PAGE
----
This Girl is Different

This Girl is Different
JJ Johnson
Peachtree Publishers, 2011

This one caught my eye from the get-go: Homeschooler Evie decides to spend senior year at public high school. As a graduate of homeschool (6th-12th grades, spending junior and senior years dual-enrolled at the community college), I am always curious to see how people represent the homeschooler-to-"real" school adventure (favorite of all favorites so far: Stargirl!)

Evie and her new friends Jacinda and Rajas are fun, engaging characters. They're very real, like high school seniors I would expect to meet wandering the halls of any high school. They meet by chance and quickly become friends - and maybe more. Evie is unlike anyone Rajas or Jacinda have ever met, and they are quickly caught up in her plans to revolutionize The Institution Of School and take down The Man. But soon their plans get out of hand, and sheer chaos erupts, tearing apart the school - and shattering their friendships. While Evie's mother is fully supportive, and even instigates a large amount, of the 'revolution,' Evie begins to wonder if perhaps there isn't a better way to bring about (needed!) social changes ... Taking the leap from homeschool to public school is a major learning experience for Evie - but also for all the students, and teachers. Lessons are learned, sometimes painfully, and everyone begins to realize there are always alternative ways to get your point across.

Now time for a mini 'rant' of sorts. I enjoyed the story - Evie made me laugh at times, and I feel like the story is largely believable. I've seen first-hand how impulsive and 'unthinking' high schoolers can be, so I could definitely see students taking advantage of the anonymity that Evie's 'lightning' plan allowed to go crazy with the personal expression idea. The one thing that did really bug me isn't unique to This Girl is Different - I've seen it in so many places, whether books or movies or what have you - and that is the idea that homeschoolers are by default radical liberals wanting to come in and change the world. Think about it: homeschoolers are almost always classified one of two ways - either painfully religious and conservative or radically liberal and freethinking. There is no middle ground or 'normal'. Stargirl comes the closest, I think, but even she is presented as very different. While it's true that there are a number of homeschoolers who match each of this stereotypes, there are more who are just 'kids' - I was one of those. Granted, I'm a little old-fashioned about some things, and haven't done a lot of what my contemporaries have - but that's been my choice, made using my own thoughts and reasons. And I've got plenty of friends who were homeschooled and are 'normal' like me - so where are the books about us? Some of us went to public school, we've almost all gone to college, what about telling our stories? Or are they not as much fun - because we're not as different and strange? Just a thought ... It always comes back to mind when I read another homeschooler novel. Anybody have any thoughts or insights?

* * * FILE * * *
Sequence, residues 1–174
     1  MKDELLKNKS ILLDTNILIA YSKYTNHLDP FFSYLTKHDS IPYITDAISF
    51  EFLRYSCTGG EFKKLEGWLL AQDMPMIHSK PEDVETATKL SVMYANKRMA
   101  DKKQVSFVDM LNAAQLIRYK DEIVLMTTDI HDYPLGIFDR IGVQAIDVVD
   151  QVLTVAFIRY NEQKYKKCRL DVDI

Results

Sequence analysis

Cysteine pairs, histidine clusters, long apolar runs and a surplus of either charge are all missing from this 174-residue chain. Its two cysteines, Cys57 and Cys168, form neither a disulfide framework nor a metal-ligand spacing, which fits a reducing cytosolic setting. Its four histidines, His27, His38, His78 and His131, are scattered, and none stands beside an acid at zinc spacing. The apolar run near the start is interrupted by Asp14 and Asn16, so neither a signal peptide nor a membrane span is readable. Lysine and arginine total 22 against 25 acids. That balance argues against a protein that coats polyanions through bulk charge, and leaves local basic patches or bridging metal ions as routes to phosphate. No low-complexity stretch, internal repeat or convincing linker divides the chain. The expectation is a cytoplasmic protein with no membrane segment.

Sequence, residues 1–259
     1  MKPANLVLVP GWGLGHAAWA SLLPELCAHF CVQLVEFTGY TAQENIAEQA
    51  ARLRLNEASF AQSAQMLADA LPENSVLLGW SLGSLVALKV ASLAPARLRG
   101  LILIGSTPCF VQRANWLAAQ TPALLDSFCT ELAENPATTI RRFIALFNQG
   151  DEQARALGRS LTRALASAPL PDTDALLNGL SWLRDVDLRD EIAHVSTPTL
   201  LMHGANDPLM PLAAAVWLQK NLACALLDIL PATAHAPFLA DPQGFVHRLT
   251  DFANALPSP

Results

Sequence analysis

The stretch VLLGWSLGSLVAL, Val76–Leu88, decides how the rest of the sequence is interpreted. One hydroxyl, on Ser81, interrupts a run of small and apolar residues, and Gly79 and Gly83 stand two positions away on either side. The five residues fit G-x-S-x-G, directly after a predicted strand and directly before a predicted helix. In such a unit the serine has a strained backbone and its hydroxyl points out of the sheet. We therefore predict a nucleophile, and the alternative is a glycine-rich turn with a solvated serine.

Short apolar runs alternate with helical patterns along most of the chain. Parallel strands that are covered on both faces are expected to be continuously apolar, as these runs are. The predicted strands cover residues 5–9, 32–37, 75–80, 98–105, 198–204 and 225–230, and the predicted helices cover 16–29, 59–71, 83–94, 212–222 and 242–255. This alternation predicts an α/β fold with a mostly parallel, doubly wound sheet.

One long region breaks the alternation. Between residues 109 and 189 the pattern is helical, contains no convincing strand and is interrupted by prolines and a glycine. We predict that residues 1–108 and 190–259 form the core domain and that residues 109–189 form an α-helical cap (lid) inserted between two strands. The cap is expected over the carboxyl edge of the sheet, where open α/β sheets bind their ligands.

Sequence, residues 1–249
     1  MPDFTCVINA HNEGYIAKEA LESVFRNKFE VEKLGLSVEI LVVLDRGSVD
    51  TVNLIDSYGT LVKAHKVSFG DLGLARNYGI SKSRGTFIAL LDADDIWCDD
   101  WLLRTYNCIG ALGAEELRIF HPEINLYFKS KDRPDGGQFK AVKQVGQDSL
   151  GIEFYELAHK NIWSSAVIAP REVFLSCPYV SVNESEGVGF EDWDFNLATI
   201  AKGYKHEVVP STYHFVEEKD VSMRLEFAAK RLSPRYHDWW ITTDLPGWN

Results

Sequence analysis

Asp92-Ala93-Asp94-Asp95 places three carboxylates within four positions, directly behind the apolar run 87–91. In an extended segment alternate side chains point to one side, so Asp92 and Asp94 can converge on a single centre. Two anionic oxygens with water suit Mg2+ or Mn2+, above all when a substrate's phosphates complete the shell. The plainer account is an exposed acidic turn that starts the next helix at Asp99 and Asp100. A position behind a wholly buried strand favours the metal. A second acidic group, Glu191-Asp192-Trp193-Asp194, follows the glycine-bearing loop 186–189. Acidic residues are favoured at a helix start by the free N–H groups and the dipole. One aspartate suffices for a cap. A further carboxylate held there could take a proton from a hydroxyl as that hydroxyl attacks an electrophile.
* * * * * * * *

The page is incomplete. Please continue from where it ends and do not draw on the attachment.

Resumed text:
Book provided by publisher for review.

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